Fleetowner 3282 Eobr

EOBRs clock in

March 1, 2013

When the Federal Motor Carrier Safety Administration was forced by court decision to rescind its electronic onboard recorder (EOBR) rule in 2011, it was considered a win for drivers everywhere. The Owner-Operator Independent Drivers Association (OOIDA) had fought the rule on the grounds that the devices, which monitor hours-of-service compliance, could be used by fleets as a tool to harass drivers, violating privacy rights under the Fourth Amendment.

Fast-forward nearly two years, and once again the subject of EOBRs is coming to the forefront of industry discussion. Driven by the need for drivers to meet new hours-of-service regulations set to go into effect this summer, more and more carriers are implementing EOBRs.

And with FMCSA required by the Moving Ahead for Progress in the 21st Century Act, or MAP-21, to issue a new EOBR regulation, fleets are trying to get out in front of any mandate.

“For starters, the new hours-of-service (HOS) rules that are going into effect [in July] will be difficult to comply with manually using paper logbooks,” explained John Gaither, senior sales executive and engineer for technology provider GPS Insight. “Use of EOBRs will not only reduce the amount of time required to keep logbooks in compliance, they can also help fleets improve their Compliance, Safety, Accountability (CSA) scores as well.”

What exactly is an EOBR and what data does it capture? For starters, XRS Corp. said an EOBR must record the name of driver and any co-driver(s), along with corresponding driver identification information. Other important information EOBRs must track in order to be compliant include: Driver duty status; date and time; vehicle location; distance traveled; name and DOT number; 24-hour period starting time; the multiday basis used by the carrier to compute cumulative duty hours and driving time; and truck or tractor and trailer number.

While any new EOBR regulation is bound to be challenged in court again, the fact remains that fleets are implementing the systems and drivers must adjust. So what exactly can an EOBR do? According to a number of experts, there are plenty of advantages to using an EOBR.

Dave Kraft, director of industry affairs for Qualcomm Enterprise Services, said drivers do not actually find the devices intrusive. “We’ve found that once EOBRs are in place, it not only improves time management for drivers and logging accuracy, it reduces job stress to a degree since the devices now automatically track metrics they used to have to calculate by hand,” he said during a webinar last fall.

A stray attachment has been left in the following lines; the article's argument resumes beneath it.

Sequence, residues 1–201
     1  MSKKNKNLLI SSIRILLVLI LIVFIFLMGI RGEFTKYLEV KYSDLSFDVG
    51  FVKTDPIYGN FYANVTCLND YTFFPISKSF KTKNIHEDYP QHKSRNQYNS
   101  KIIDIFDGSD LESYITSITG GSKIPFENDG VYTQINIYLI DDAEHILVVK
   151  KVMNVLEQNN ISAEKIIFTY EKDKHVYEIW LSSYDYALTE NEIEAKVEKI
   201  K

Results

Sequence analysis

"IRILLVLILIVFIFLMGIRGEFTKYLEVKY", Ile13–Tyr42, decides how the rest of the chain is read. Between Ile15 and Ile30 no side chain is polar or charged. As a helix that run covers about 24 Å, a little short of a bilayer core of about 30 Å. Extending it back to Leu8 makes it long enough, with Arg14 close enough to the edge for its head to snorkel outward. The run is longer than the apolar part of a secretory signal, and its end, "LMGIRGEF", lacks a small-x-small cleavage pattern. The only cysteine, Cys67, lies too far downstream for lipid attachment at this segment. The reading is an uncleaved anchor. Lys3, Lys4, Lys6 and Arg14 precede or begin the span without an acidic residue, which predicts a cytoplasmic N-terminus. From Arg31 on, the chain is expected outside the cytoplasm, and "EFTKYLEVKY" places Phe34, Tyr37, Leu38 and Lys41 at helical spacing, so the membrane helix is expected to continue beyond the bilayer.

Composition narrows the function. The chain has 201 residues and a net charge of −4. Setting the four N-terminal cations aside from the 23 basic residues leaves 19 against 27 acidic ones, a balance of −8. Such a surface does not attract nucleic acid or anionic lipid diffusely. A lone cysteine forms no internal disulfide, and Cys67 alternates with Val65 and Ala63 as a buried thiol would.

Another benefit of EOBRs, Kraft said, is a significant reduction in paperwork and other administrative costs connected to managing paper logbooks. Qualcomm’s research indicates that a move to EOBRs could eliminate 688 hours of administrative work per driver per year and, because drivers are more accurately recording hours and spending less time on paperwork, they have more available drive time as well. And that can add up to increased salary for those drivers who are paid by the mile.

Kraft said that there’s been a 12% reduction in total logbook violations and a corresponding 12% decline in out-of-service tallies linked to hours-of-service violations over the past several years as EOBR usage has increased.

Tom Cuthbertson, vice president-regulatory compliance for XRS, said EOBR data can also help fleets and owner-operators charge for detention time. “With the data [from EOBRs] to support those extra charges, carriers have the ability to bill for the time and compensate their drivers accordingly,” he said.

Gaither also draws a connection between EOBRs and improved CSA scores, claiming that eight types of HOS violations under CSA can be virtually eliminated by using EOBRs, especially in terms of providing roadside inspectors with a simple way to check logbook data.

Many EOBRs also integrate map and route solutions which can help drivers navigate around construction and avoid high-traffic areas, XRS said, providing drivers with a multi-solution answer in a single device.

Drivers may never embrace the devices, but it appears their introduction into commercial vehicles of all types may be near. And in the end, if the software providers are correct, drivers may find that they provide more help than harm to the 21st century trucker.

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